Take my Hand - a Survivors' Quilt
Simone de Mondelaers
Speech presented at SIOP/ICCCPO meeting in Montreal
I am Simone Mondelaers, I am a survivor for 33 years, I was diagnosed at the age of 4 with a Rhabdomyosarcoma, and I thank ICCCPO that I may share my experience with you. I say my experience because I only can speak for myself.
I'm pleased to show you our long-expected quilt. All of the survivors have done their best to make a personal patch. It's not completely finished, there are still missing hands and the final touch is not quite done, but this couldn't prevent me from showing it to you today. For this moment, I have 12 countries who have cooperate. The quilt is sewed by me, a friend and my sister.
I still have blank patches and like to call on survivors present in this group, to borrow their "hand-print" and to add their instant made patch to our quilt.
Our quilt shows hands from the entire world. Hands belonging to young people, who's lives have been marked by cancer, childhood cancer, but they are cured now.
On behalf of all these survivors, I'd like to thank all parents for their devotion to their child with cancer and for everything you achieved as a support group. And we hope that we can be a positive sign for all the children who are still fighting cancer.
I felt a strong desire to meet companions in distress, companions who suffered from cancer, people with whom I could share my experiences, my pain, but also my joy and the lessons I learned thanks to this experience. This strong desire resulted in the creation of this quilt.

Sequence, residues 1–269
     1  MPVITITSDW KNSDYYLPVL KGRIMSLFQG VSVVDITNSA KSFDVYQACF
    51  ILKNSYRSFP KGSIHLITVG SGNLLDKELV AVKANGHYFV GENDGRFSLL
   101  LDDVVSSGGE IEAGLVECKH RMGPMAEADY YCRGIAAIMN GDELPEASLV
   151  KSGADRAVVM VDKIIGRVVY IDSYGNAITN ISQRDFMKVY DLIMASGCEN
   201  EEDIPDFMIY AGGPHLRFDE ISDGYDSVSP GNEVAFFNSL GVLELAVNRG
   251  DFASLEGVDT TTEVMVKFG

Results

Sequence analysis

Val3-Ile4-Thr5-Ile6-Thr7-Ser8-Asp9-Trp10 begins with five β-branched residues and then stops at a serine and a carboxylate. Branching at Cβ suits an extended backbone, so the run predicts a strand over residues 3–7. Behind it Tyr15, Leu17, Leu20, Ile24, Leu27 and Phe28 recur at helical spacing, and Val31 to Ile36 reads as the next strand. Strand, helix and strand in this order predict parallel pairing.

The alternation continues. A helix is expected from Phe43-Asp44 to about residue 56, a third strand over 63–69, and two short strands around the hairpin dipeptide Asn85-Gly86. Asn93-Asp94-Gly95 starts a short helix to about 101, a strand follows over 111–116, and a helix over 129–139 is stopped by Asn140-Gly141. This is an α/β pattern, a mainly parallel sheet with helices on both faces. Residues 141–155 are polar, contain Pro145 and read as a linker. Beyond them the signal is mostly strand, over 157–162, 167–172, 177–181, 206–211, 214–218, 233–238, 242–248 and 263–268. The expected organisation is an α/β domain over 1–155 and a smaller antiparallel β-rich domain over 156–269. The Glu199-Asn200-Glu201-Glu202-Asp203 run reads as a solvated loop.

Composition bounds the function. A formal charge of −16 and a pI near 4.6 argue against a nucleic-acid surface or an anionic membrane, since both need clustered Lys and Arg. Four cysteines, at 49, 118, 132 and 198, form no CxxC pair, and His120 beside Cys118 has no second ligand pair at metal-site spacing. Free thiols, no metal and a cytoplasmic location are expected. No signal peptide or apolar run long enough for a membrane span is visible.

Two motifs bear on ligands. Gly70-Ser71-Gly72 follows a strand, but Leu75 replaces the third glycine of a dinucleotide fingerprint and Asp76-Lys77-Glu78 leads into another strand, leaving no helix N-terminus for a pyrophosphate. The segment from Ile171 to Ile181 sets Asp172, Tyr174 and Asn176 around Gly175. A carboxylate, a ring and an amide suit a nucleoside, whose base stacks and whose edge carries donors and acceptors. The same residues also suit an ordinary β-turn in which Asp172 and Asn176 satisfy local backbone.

Looking for survivors of the '60s, the period during which I was ill, it soon became clear that only a few of these patients survived. I was pleased to hear that a lot more patients from the 70's, 80's and 90's survived.
Knowing this, I again reached out for cooperation with survivors, similar to what I did last year in Frankfurt where I met many of you. And thanks to the input of the board and of parent organizations I was happy to receive lots of patches to make my dream come true. Your reactions touched me deeply and filled my heart with joy. It strongly made me feel I wasn't alone, but united with others. I had a strong feeling of recognition. I received lots of positive reactions from companions in distress living through-out the entire world. Events like this make the world seem a lot smaller.
Some people shared their life story, others didn't. Some of the survivors are married and live a normal life, others are going to medical school or work or study in the nursing/caring sector, wanting to be socially involved. As you can see, there are also some little ones belonging to children for which we all, hopefully, will be an example, because as young as they may be now, as a child with cancer, they will grow to be an adult much faster than others of the same age.
Suffering from cancer taught me to see everything in the right proportion, made me live much more intensively. I learned what's most important in life. A materialistic way of living became less important, cancer teaches you to let go.
It is difficult for children and certainly for adolescents to handle emotions. It is tough to cope with the changes they experience and, if on top of all this they start suffering from cancer in this period, they can become seriously messed up. As a child in trouble you try to be strong for your parents, you certainly don't want to hurt them, because they already have so much sorrow and pain, you feel responsible, you just want to be the perfect child to compensate for their grief. As a child you hide your own pain and grief but later on, sometimes after many, many years, this pain returns and overwhelms you and gives you no other choice than to cope and deal with it.